Thursday, September 8, 2011

Genesis 37:12-14

Now his brothers had gone to graze their father’s flocks near Shechem, and Israel said to Joseph, “As you know, your brothers are grazing the flocks near Shechem. Come, I am going to send you to them.”

“Very well,” he replied.

So he said to him, “Go and see if all is well with your brothers and with the flocks, and bring word back to me.” Then he sent him off from the Valley of Hebron. (Gen 37:12-14)

As with the entire story of Joseph, there seems to be two parts to what is happening here: the literal and the spiritual. I always just like to read exactly what is said and start there to get my gut reaction. And I think that is why I like Beth Moore’s take on this scene. We see that Joseph, a strong young man, is at home with Dad while the brothers are out doing the work of tending the sheep. So, right away, I’m upset with Jacob for continuing to set Joseph and his brothers against each other through his partiality. What he means to benefit Joseph actually works against him - as all demonstrated favoritism does! For it certainly must have rankled the brothers that Joseph remained at home while they were sweating with the sheep.

Jacob, called Israel here, asks Joseph to check up on his brothers to see “if all is well” with them down in Shechem. The word for “well” here is shalom, so Jacob is wanting to know if the brothers are experiencing peace in Shechem. And he surely should worry about that, since Shechem is the site of Dinah’s rape and the vengeful mass murder that followed. Beth points out that shalom is also the word used in verse 4, when we are told that Joseph’s brothers “hated him and could not speak a kind word [shalom] to him.” Because of their hatred towards him, they could not speak peace to Joseph. Certainly there is no peace in this family! And now Jacob is asking Joseph to report on the brothers. I’m sure it was out of true concern, but it feels like Joseph is always in the position of ratting on his brothers! That is my gut reaction!

I think back to my childhood when my mother was always making my older sister watch us three younger ones. Bless my mother, she surely could have, and should have worked it that it wasn’t seen as a punishment to my teenage sister, who yearned to be with her friends. But my sister hated having to do it, and we therefore hated having her watch us. Not a good thing! She had to go away to college for me to appreciate her!! :)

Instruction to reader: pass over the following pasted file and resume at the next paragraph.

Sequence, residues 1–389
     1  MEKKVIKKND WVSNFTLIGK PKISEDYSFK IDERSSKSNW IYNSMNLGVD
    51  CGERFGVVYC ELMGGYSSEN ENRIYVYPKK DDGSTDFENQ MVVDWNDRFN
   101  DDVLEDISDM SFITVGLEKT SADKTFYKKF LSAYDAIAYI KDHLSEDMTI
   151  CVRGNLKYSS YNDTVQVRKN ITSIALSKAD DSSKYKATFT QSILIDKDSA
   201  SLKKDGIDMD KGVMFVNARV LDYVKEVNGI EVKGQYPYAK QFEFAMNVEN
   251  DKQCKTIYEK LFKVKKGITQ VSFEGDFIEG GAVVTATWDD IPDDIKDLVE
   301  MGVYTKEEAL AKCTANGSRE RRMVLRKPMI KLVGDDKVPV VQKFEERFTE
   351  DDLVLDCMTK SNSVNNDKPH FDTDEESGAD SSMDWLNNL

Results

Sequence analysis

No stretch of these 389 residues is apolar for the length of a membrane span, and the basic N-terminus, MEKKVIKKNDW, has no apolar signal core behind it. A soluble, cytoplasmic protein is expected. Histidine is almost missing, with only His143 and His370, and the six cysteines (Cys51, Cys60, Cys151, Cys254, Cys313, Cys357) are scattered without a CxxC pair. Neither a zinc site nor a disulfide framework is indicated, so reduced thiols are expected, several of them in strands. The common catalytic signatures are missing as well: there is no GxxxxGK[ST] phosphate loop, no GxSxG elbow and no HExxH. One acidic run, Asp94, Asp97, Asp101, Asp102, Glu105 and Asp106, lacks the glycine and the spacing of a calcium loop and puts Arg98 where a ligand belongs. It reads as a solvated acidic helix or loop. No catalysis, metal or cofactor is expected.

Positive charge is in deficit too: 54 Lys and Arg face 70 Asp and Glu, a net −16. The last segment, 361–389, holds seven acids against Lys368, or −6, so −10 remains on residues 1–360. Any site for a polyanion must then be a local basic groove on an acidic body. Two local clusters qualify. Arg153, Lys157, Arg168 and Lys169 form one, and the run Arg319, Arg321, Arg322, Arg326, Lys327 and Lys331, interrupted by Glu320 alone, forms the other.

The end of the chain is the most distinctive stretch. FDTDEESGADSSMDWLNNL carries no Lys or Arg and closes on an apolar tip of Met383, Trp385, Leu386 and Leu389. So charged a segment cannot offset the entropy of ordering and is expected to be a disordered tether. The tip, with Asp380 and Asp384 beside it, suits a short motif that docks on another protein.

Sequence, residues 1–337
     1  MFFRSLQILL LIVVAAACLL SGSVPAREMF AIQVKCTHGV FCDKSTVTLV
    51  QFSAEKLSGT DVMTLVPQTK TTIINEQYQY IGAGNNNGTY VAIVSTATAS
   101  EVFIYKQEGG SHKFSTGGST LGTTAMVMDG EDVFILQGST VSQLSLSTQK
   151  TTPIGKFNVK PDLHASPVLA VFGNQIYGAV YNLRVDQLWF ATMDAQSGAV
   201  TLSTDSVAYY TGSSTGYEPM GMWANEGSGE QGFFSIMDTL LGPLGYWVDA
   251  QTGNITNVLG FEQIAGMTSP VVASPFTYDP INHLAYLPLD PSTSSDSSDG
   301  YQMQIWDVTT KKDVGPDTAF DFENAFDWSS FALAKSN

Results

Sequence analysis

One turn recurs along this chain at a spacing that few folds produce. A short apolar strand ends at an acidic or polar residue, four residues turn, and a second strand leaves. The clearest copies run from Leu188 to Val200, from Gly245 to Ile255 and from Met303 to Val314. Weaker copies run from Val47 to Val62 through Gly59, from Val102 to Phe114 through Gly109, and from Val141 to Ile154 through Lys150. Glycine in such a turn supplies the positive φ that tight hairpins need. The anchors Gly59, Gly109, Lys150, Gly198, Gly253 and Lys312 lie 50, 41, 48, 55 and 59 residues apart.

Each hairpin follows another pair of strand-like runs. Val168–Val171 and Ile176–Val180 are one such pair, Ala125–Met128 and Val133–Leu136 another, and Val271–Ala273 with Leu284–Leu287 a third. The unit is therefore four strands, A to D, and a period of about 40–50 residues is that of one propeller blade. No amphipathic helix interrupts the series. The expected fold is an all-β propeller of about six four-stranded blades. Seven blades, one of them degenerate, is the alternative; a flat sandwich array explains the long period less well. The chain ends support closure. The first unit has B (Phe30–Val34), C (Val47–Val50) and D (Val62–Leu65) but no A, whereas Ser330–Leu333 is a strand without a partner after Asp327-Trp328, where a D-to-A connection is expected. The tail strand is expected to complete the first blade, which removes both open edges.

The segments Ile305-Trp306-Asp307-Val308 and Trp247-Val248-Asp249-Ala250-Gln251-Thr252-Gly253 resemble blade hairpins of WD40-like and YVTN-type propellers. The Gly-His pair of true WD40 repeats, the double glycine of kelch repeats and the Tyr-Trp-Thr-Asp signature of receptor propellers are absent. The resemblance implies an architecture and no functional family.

Now, Jon Courson, bless his heart, looks at this same scene and sees the parallel to the story of Christ being sent to his brothers by the Father to bring peace. Just as Joseph immediately responded in obedience and willingly left home to go to the dangerous and sin-filled Shechem, Jesus obeyed the Father in all things and agreed to leave the glory and peace of Heaven to come to our sin-filled world that we might be saved! To his father’s request, Joseph answers, “Very well,” or as the King James version says it, “Here am I.” And Jesus IS the I Am who is ALWAYS here. He willingly became a man that He might bring us to the Father! Hallelujah and amen!

What are some of our take-aways here? First, as a parent, don’t set your children against each other!!! Your job is to foster love between them, not competition! :) Then, we must look at the need for obedience in all things to our Father. When He asks us to do something or go somewhere that we know is going to be risky, do we respond with “Here am I,” or do we whine, “You want me to go WHERE???” The place of obedience is always the place of blessing and peace. What will obedience cost you? What might you have to give up? A relationship that you know is not godly? A house? A job? Even though Joseph is being sent into a very dangerous place here, it is all part of God’s wonderful plan of salvation for his family. What if we don’t obey what God is asking us to do? What might be the ramifications, not only to ourselves, but to those we love. To obey is ALWAYS the best choice!!

Tomorrow we’ll see what happens when Joseph goes to check on his brothers!!!


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